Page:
neptune desert

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neptune desert

Post by Stalker on 7th March 2010, 8:43 am

Hi

I read something on this forum about the "desert of Neptune", a range of forbiden mass  if I remember well, between the ice giants and and the gas giants.

I did not succeed in finding information on the forum. I also searched on ARXIV without results.

Have you some information? Did I dream? Thanks for your future help.


Last edited by Stalker on 30th September 2015, 2:33 am; edited 1 time in total
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Re: neptune desert

Post by Edasich on 7th March 2010, 10:08 am

If you type "dessert of Neptune", you're dreaming of a very very big, planet-sized ice cream Laughing

Seriously, probably you'd have read this on some HARPS or some other survey Power Point of PDF presentation, talking about the dearth of Neptune-mass planets.

Nevertheless neither I could say exactly where I read this Question
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Re: neptune desert

Post by Borislav on 7th March 2010, 2:44 pm

I think its correct to call "desert sub-saturns"
http://online.kitp.ucsb.edu/online/exoplanets10/udry/oh/21.jpg

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Re: neptune desert

Post by Stalker on 7th March 2010, 4:17 pm

i dont understand what the graphic mean... there is not realy a desert. There is a hole too for ~10Me...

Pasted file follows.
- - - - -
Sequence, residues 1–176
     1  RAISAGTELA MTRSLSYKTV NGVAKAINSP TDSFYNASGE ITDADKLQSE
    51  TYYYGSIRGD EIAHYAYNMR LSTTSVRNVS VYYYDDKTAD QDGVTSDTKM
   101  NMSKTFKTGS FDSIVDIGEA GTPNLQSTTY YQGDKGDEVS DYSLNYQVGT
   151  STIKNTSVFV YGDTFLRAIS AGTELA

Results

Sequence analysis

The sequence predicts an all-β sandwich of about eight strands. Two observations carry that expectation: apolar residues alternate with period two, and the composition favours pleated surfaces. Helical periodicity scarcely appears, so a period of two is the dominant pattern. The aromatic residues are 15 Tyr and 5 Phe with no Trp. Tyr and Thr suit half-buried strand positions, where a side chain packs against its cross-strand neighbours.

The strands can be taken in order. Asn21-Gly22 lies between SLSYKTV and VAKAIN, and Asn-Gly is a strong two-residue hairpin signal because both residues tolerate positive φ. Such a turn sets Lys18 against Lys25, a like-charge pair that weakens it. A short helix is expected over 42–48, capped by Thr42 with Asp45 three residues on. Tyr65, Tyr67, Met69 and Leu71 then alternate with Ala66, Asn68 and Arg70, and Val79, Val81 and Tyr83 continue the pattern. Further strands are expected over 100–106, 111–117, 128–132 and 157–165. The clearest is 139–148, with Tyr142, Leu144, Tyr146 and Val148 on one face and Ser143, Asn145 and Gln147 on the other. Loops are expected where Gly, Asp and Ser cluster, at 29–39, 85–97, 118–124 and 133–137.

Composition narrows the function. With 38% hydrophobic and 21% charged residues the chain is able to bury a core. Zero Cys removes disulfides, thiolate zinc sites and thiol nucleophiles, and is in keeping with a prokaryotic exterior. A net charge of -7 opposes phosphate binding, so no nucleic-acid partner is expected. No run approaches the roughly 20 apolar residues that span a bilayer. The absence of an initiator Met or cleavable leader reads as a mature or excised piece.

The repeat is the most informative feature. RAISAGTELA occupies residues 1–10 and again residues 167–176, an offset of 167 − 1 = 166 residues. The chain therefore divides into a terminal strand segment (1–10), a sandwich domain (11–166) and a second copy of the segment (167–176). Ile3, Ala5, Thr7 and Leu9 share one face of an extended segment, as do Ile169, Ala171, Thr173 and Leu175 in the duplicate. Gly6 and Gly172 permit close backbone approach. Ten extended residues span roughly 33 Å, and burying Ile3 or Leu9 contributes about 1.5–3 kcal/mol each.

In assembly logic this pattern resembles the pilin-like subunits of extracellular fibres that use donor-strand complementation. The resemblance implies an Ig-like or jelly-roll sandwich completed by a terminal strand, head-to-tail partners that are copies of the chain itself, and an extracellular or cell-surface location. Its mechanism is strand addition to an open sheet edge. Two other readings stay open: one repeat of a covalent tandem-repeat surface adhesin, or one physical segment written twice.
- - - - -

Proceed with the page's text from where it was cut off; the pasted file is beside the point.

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Re: neptune desert

Post by Sirius_Alpha on 7th March 2010, 5:12 pm

See that gap around 30-40 Earth-masses? That's the desert. It isn't a very arid desert, but it is predicted to exist by planet forming models.

Remember that the planets discovered through radial velocity only have minimum masses. Some planets that appear to occupy that desert may be much more massive, but with sin(i) << 1, thus with true masses out of the desert. I.e. The desert may in fact be drier than that graphic shows.

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Re: neptune desert

Post by Stalker on 7th March 2010, 5:16 pm

thanks
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Re: neptune desert

Post by Stalker on 7th March 2010, 5:19 pm

what is the exact range of mass?
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Re: neptune desert

Post by Sirius_Alpha on 7th March 2010, 5:30 pm

I doubt it's exact. Just, roughly in that area.

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Re: neptune desert

Post by Borislav on 9th March 2010, 1:29 pm

Sirius_Alpha wrote:See that gap around 30-40 Earth-masses?

Yes, 40-50 Earth-masses. For example, current data Encyclopedias. Red for red dwarf, yellow to yellow dwarf.

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Re: neptune desert

Post by Stalker on 9th March 2010, 1:58 pm

30-50 for red dwarf stars and 40-50 for yellow dwarf? Or 30-50/40-50 for the two but artifact (M>Msin i)?
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Re: neptune desert

Post by Borislav on 9th March 2010, 2:15 pm

Stalker wrote:30-50 for red dwarf stars and 40-50 for yellow dwarf? Or 30-50/40-50 for the two but artifact (M>Msin i)?

I think red dwarfs in general is a special case. They do not know hot jupiters, with only periods, like Gliese 876bc.
So just specify the location of the desert is difficult. Necessary to accumulate statistics. Let's wait for the publication planets HARSP, COROT'a and Kepler'a.

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Re: neptune desert

Post by Borislav on 11th March 2010, 9:53 am

In the distribution of transiting planets (i.e. known true mass) has seen two of the desert - between the super-earths and neptunes, and between neptunes and saturns. But it was too little data for statistics.


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